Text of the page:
We woke up the next morning in Alliance and made our way north on US Hwy 385 to head to Wind Cave National Park. Along the way we took a detour into Pringle, South Dakota… I like unique town names and I like Pringles Potato Crisps. So, as we drive into this small little community of only about 110 people, we came across a massive pile of old bikes. As we got closer, I found that this was intentionally designed as a sculpture. Since it was cold out, we actually just took a few shots from the car. But I wanted to include it here as a prime example of what one can find in the middle of nowhere. This sculpture is just north of the US 385 and Nebraska Hwy 89 junction and is easily seen from the highway.
MURALS OF BUFFALO, WYOMING
From South Dakota we cut through the northeastern corner of Wyoming including a swing through Buffalo on Interstate 90. This became a nice little stop because of the many murals. More for my photo collection!!
MONTANA TECH MINERAL MUSEUM – BUTTE, MONTANA
Butte, Montana is an old mining town and is a treasure trove of history with many old buildings, a plethora of ghost signs, a giant old copper mine pit and the World Museum of Mining. Since the Mining Museum was closed, we continued to drive through the campus of Montana Tech and came upon a sign for the Mineral Museum and decided that the kids needed to get out and take a break. I needed a small nap as well. So, with limited parking, I parked close by and let Marissa and the kids out to go into the small museum, which turned out to be a lovely little free hidden treasure in Butte.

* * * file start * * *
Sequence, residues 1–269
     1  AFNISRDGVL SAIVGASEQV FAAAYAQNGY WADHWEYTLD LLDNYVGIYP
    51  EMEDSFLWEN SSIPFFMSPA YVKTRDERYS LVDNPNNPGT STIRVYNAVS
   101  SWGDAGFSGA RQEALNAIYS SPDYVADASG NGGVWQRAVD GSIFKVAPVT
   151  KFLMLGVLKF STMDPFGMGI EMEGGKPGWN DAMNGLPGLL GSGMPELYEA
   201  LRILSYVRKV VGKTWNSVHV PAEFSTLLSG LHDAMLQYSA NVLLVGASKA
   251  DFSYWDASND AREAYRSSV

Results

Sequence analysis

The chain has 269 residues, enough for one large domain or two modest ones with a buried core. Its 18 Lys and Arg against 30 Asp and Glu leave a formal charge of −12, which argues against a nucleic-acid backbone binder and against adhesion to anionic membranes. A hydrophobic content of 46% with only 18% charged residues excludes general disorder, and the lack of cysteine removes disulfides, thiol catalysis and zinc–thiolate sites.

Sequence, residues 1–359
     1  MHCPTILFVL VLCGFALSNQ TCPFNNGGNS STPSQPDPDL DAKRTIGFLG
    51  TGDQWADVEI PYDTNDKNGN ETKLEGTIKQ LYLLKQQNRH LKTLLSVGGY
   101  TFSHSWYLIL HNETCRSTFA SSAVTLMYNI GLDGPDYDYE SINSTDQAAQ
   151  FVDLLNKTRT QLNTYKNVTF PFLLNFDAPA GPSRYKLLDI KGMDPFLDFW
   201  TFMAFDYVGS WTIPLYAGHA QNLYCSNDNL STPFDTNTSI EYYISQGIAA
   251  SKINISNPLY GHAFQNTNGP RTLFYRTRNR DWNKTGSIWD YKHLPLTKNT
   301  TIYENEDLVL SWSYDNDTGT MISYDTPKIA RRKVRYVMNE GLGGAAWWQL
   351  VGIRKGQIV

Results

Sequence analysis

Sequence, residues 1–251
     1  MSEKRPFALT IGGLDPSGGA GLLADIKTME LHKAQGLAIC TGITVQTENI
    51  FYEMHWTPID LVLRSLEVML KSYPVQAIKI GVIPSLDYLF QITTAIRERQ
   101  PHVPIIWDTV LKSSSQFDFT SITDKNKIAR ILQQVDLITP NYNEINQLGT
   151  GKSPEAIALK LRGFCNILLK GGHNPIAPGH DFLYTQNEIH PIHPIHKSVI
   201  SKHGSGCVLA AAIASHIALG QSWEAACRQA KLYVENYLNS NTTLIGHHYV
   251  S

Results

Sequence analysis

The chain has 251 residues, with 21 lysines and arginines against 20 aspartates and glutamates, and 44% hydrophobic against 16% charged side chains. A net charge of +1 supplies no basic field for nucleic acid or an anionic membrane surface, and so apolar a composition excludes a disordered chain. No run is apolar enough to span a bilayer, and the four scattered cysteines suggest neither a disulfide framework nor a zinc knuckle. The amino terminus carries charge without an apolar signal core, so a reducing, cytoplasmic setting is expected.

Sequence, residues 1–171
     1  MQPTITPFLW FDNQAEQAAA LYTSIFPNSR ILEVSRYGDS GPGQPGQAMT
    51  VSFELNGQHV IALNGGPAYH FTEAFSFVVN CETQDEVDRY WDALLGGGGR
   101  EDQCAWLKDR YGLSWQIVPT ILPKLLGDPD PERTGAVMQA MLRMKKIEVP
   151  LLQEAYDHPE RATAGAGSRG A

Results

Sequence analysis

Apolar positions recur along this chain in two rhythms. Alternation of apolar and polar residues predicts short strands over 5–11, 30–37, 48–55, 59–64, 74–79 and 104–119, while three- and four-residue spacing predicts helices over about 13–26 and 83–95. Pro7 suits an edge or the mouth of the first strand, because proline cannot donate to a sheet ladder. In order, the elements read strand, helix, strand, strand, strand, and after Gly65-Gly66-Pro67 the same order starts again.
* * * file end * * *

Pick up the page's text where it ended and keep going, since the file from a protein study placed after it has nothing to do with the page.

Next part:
The museum got its start in 1901 with about 200 mineral specimens, but now holds nearly 13,000. They display about 1000 different minerals and the museum has a small gift shop as well as several exhibits that describe Montana’s geology, earthquake activity, and local mining history.
THE SWEET PALACE – PHILIPSBURG, MONTANA
From Butte, we took a diversion for a scenic drive west on Montana Hwy 1 through Opportunity (yes, I wanted to visit this unique-named town) and then Anaconda. We continued west and needed a break so we drove into the historic silver-mining town of Philipsburg, Montana.
By this time, the kids were getting cranky and hungry. I pulled over on a side street while my daughter tried to referee the kids. Just then I noticed a sign on the side of a building that said “Golden Rule” and then noticed it was on the side of “The World’s Greatest Candy Store.” So, I took the opportunity to sing a song to them called the “Golden Rule” by Carol Lynn Pearson. It was one of the songs from her musical “My Turn on Earth.” One of the lyrics basically rings out “Do unto others as you would have others do to you.” I then told the kids that if they promised to live the Golden Rule on the rest of the trip that I would give them some money for the candy store. They cheered up immediately (but I had to sing that song to them numerous times on the remainder of the trip!)
The Sweet Palace is chock full of all kinds of nostalgic candy, different kinds of taffy, chocolate goodies, local sodas and fudge. Yes, this w as a “Kid in a Candy Shop” kinda place!
OHRMANN MUSEUM & GALLERY – DRUMMOND, MONTANA
So, we continued on our drive west Montana Highway 1 and as we neared the town of Drummond and the entrance back on to Interstate 90, I noticed a unique sign across the road. I had to stop for a photo because it was one of those whimsical signs that I like.